Making Up with Mr. (Re-)Write


A few years ago I came as close as I ever have to having a book published. An editor at a major publishing house pulled my middle-grade novel—about one kid’s bad luck—out of the slush pile.


She “enjoyed reading it very much,” and although she continued with “you have a “knack for creating vivid characters and humorous situations…with good potential here for a book,” the end was disappointing. She continued the letter with some not-so-specific pointers about improving the manuscript.


But the very end of the letter was the best part, when she requested that I re-submit the manuscript once I had re-written it. I was simultaneously ecstatic and heartily disappointed. Is it possible to say something was well rejected?


In the weeks following the arrival of the letter, I thought not. But now I can honestly say yes.


This book was not the first I’d written, but it represented my heart and soul. More importantly, it most clearly represented my writing style and voice as a fiction writer for kids. Further, I really believed in the story, just as it was.


Still….somewhere deep down inside, I knew the editor was right—and that she was able to see the book in a way that I just couldn’t. So of course I tried to re-write. I sat down everyday for six weeks, tweaking and tugging every which way. But no matter what, I just couldn’t feel very good about anything I re-wrote. In the end, I sent something that even I was disappointed with.


A few weeks later I heard back. “I’m sorry to say this is not what I expected.” Of course I knew the letter would say these words before I even opened it.


Since I had already sent the manuscript to a pretty long list of publishers (and it was before self publishing had taken off), I opened my desk drawer and slipped the manuscript away… which is where it stayed…


Until a few weeks ago. When a series of events—involving a tails-up unlucky coin, 33 mice trapped in our old house, and a beautiful sunny day—made me remember that book. And suddenly, with the passage of time, and a new perspective, I knew what I needed to change to make the book work. I pulled out the editor’s letter, which now seemed a lot more specific, and opened the drawer.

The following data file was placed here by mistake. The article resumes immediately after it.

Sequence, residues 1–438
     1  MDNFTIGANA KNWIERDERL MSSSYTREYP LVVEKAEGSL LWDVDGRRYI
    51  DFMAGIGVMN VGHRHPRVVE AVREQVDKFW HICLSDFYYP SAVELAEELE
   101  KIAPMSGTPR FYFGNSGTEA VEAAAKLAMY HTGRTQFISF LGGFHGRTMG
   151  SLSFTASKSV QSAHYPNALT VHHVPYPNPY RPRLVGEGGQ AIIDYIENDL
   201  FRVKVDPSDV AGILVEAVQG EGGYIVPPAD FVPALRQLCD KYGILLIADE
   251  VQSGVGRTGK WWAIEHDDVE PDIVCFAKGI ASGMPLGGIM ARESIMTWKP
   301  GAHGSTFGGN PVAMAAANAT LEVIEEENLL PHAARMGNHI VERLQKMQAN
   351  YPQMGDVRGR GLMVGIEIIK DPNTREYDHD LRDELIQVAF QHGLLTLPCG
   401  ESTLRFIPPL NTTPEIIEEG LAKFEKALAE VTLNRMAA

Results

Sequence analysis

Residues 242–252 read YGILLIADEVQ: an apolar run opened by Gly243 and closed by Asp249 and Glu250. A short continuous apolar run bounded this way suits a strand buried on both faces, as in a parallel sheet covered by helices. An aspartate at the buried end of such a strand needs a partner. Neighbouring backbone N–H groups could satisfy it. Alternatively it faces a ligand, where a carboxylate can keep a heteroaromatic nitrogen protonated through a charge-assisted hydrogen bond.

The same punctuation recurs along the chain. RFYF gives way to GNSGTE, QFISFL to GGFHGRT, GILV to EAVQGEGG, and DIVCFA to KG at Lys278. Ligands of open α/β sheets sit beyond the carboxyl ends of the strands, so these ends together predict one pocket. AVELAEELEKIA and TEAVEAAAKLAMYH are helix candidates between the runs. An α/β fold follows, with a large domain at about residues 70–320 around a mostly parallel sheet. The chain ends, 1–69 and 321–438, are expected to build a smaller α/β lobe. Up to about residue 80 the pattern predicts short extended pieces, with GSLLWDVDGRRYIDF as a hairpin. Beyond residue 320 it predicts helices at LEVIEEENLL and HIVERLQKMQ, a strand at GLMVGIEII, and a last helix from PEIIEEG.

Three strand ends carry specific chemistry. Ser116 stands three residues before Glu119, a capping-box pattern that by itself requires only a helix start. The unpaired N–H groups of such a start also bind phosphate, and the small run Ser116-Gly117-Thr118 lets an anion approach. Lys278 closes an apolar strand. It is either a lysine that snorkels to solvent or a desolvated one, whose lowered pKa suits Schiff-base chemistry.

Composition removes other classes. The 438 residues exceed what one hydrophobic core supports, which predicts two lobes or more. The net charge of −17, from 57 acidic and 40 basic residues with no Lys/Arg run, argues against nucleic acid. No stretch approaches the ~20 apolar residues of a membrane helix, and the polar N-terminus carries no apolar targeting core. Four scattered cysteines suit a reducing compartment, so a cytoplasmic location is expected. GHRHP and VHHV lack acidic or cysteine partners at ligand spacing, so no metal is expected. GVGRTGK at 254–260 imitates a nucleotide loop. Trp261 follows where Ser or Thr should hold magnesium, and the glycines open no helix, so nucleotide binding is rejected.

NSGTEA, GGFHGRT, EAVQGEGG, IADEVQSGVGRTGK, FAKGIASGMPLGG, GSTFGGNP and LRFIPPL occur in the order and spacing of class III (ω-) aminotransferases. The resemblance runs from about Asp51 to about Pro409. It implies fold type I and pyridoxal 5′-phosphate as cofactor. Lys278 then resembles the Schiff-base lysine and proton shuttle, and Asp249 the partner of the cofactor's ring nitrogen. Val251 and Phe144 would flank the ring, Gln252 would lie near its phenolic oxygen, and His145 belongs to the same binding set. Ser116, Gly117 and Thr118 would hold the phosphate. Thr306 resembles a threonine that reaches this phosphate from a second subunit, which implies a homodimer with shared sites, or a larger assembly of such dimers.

Because for now, I’m giving love one more chance by dating Mr. (Re)Write and hoping for the best.


Cheers,


Julia xo


Encourage me…. have you re-written a book you wrote long ago and had success publishing it? Any suggestions? Or is it best to let bygones be bygones and move on to new projects? What do you think?

Comments

  1. Wow. This was both heart-wrenching and hopeful. I’m pleased for you that the passage of time helped the editor’s suggestions seem more specific. Maybe you were just too close to your story the first go-round.

    I would love to know what happens. Not so much with what any editors say, but how you felt after you did the rewrite. Did you get back the book you love, with some bonuses?

    ~ Milli

    P.S. GREAT title for this post. If I didn’t love your blog (and you) so much I would be consumed with envy about all your great titles, ideas, photos/perfect clipart and highly readable posts. :~)

  2. Milli! Are you re-reading some of the old wordsxo prehistory???? THANK YOU for the lovely and wonderful comments! (I actually had tears in my very own eyes as I re-read this post, LOL I need more sleep!) Plus, are you kidding me, that is the SWEETEST postscript ever in the world. Now I think I love you too! P.S. I actually worked on this ms today. I hope I can pull off the things I want to add. Everything now only sounds trite! Thanks again!

  3. Good luck with your rewrites!! I am so leading the cheer squad for you to be successful (and still feel great about what you wrote). That’s if you don’t mind a “vintage” cheerleader. LOL! I definitely would not get hired to shake pom-poms with the young lovelies.